The Canadian consumer is a value conscious, “tough nut to crack,” who is already well-served by existing retailers, according to Diane Briesebois, president and CEO of the Retail Council of Canada, a trade association founded in 1963 that represents retailers that operate more than 45,000 stores and account for 85% of Canadian retail sales.
Her comments came during a presentation Wednesday night that preceded a Walmart sponsored investor meeting being held today in Toronto. Briesebois was brought in to share her thoughts on Canada in general, the competitive landscape and the consumer. Naturally, Target came up during her remarks, given the company’s acquisition of Zeller’s leases and subsequent entry next year with more than 125 stores is the most significant development the $297 billion Canadian retail market has seen in more than a decade.
“Target is a formidable competitor,” Brisebois said. “For those who don’t know the Canadian market well, it would be a mistake to assume that Target will be a game changer.”
She noted the market already is well served by such large well established operators as Walmart, Loblaws, Canadian Tire, Shoppers Drug Mart and Costco.
“Target will have an impact, but it is entering a competitive market,” Briesebois said.
Later in her presentation, Target came up again when Walmart International president and CEO Doug McMillon asked, “What can we do to improve in this market?”
Briesebois pondered the question and thinking out loud said, “You want me to be honest? I’m going to be honest. With Target coming into Canada, there is a perception that (Walmart’s) service in Canada is not as good as in the United States. I believe there will be an increased expectation around service and the number of people waiting in line.” She added that Walmart will be compared constantly with Target and suggested to McMillon and the audience of investment analysts that also included Walmart Canada president and CEO Shelley Broader and her management team: “I would pay attention to the way to stores look and how quickly customers are served at the checkout, because Target does a good job with that.”
Of course, Target is going to face the same operational challenges in Canada as Walmart, and one of the big ones is the labor situation. Unemployment is lower and the minimum wage is higher so employees can be more selective about where they work, which creates challenges around turnover. Then there are the supply chain issues and expense pressures associated with serving a nation with fewer residents than California, where 90% of the population lives within an hour’s drive of the U.S. border and two thirds of those people live in urban areas. There is also a higher concentration of immigrants, the requirements of two languages and other compliance challenges stemming from the fact that each province has its own unique regulatory requirements.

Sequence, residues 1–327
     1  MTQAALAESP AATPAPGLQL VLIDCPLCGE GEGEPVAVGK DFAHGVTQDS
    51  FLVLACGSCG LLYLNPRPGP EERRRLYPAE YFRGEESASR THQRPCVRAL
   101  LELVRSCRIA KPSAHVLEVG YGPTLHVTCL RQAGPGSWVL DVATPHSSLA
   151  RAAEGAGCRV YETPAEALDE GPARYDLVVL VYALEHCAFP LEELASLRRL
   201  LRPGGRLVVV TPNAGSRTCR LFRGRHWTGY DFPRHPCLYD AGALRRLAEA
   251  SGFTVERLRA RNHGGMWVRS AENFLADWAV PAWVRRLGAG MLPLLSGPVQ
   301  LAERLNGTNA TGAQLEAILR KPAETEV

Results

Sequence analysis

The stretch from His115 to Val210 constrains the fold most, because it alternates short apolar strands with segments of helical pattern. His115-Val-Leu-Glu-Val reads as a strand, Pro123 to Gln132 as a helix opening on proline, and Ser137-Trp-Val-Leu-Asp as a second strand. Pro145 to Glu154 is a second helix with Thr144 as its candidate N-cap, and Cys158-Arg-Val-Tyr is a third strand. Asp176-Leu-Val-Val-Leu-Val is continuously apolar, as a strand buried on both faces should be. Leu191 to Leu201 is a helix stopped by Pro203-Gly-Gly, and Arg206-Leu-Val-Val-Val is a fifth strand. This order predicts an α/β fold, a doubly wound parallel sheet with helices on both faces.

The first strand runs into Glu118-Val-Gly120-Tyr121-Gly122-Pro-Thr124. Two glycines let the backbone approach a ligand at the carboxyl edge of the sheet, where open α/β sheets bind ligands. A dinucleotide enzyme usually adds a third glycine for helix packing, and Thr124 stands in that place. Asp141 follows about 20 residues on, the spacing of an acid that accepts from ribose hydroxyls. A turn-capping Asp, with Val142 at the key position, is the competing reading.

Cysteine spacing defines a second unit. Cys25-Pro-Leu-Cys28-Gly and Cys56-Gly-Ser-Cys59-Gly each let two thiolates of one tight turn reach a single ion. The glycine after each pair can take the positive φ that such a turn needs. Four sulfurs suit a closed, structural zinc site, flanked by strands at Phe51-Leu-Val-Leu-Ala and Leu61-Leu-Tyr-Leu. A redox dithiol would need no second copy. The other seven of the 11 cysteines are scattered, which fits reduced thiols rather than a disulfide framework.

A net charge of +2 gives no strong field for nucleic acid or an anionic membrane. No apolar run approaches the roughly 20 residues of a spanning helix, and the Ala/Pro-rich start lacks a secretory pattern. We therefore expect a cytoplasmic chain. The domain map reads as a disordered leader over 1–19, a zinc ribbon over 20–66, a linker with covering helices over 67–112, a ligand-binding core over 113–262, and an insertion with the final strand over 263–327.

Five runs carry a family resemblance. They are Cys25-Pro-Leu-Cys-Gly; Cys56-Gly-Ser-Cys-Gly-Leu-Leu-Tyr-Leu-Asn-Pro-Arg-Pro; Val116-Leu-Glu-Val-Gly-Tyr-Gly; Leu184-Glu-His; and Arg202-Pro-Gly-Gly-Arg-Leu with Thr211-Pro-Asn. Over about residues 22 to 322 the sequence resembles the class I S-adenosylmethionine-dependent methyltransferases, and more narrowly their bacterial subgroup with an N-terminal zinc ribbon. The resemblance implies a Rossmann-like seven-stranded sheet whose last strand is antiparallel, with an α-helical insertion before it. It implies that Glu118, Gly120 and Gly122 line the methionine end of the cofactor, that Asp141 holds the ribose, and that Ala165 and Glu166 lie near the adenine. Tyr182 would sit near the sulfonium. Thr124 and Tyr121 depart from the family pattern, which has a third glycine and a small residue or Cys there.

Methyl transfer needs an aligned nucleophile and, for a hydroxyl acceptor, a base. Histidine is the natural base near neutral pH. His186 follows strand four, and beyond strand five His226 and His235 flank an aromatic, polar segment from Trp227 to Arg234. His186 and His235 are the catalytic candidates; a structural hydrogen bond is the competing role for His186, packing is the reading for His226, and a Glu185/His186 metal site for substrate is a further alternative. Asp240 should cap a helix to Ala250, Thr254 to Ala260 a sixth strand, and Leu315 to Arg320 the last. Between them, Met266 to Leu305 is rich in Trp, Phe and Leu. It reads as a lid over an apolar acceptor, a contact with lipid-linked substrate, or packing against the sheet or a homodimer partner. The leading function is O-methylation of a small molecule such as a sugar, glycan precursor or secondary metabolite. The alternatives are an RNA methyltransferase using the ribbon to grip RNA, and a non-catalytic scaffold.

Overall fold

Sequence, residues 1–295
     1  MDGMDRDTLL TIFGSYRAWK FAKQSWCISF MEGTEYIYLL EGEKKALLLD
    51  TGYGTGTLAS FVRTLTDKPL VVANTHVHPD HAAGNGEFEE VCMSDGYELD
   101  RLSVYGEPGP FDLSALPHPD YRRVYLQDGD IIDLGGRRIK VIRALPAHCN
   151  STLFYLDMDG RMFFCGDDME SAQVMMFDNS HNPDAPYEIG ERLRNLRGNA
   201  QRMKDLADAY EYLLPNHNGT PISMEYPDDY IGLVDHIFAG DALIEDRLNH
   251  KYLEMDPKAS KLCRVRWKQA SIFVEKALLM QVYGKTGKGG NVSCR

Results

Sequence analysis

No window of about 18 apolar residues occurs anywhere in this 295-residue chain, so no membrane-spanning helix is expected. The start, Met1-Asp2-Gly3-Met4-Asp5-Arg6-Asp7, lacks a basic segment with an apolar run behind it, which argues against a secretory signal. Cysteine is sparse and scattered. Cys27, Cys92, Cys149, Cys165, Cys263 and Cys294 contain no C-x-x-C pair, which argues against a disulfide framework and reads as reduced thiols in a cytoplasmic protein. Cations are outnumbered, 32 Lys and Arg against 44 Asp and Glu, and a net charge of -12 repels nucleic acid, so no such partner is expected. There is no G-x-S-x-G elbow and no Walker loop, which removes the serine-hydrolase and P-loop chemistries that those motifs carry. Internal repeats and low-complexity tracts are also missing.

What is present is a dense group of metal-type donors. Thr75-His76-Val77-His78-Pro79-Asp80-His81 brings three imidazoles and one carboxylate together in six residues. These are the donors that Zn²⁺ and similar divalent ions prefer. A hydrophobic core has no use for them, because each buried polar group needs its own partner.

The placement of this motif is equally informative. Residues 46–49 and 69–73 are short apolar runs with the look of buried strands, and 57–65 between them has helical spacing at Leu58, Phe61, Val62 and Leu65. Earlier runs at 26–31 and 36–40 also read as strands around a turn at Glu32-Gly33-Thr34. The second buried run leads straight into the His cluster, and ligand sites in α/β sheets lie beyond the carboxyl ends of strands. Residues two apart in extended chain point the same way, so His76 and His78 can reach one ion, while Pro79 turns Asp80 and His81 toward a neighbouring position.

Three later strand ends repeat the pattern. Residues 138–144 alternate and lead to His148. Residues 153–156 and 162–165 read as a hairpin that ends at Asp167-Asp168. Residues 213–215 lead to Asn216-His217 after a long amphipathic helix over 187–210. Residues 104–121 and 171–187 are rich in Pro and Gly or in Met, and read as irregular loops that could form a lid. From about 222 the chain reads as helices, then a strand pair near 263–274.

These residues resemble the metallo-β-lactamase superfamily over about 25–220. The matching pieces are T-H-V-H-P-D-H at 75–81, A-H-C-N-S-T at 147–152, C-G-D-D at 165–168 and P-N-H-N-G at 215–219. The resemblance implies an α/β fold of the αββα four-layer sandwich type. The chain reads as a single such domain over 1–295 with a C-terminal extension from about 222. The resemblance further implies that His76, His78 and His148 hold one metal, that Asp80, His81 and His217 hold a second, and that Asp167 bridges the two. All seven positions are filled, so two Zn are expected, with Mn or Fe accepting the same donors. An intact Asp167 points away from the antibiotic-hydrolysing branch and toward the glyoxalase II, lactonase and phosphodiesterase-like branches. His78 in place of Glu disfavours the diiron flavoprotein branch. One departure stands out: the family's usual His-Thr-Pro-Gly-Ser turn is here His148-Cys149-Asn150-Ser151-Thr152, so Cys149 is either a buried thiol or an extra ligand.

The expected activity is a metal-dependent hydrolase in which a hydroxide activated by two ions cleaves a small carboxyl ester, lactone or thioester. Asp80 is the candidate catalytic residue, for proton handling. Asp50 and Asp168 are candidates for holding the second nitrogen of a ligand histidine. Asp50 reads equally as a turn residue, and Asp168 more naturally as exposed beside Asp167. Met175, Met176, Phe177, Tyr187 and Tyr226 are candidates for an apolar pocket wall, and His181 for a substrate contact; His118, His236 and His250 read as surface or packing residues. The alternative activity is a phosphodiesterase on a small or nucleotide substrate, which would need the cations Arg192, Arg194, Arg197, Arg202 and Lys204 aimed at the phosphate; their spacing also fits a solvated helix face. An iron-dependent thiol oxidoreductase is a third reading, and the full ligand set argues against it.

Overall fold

“It is easier and cheaper to transport goods from one Canadian province into the United States than it is to transport them from one Canadian province to another Canadian province,” Briesebois said. And to highlight the regulatory complexity, she noted the country has 50 different legislatively mandated waste diversion programs. “None of these programs are run the same way, which means you have to run 50 different programs. A lot of people compare (the regulatory climate) with California. We have to deal with a lot of regulations and it has a huge impact on the cost of doing business in Canada.”
Target’s largest concentration of U.S. stores is in California so coping with bureaucracy is familiar territory. The company’s merchandising and marketing strategy should also feed into what Briesebois noted is Canadian shoppers frugality, love of sales and desire to participate in loyalty programs.
“There is nothing that gets a Canadian more excited that a sale,” Briesebois said, adding, “Nine out of 10 Canadians participate in loyalty programs.”
There has been some slippage on the frugality front in recent years though as retail spending per capita now equals that of the United States, due in part to the strengthening of the Canadian dollar and the willingness of confident Canadians to take on more debt with average household debt levels now exceeding those in the U.S., according to Briesebois.
Consumer confidence among Canadians is higher than in the United States, but the higher debt levels ensure that, “Canadian consumers will continue to be value conscious for the foreseeable future,” Briesebois said. “Seventy six percent of Canadians describe themselves as being cost conscious, I don’t think I could repeat that often enough.”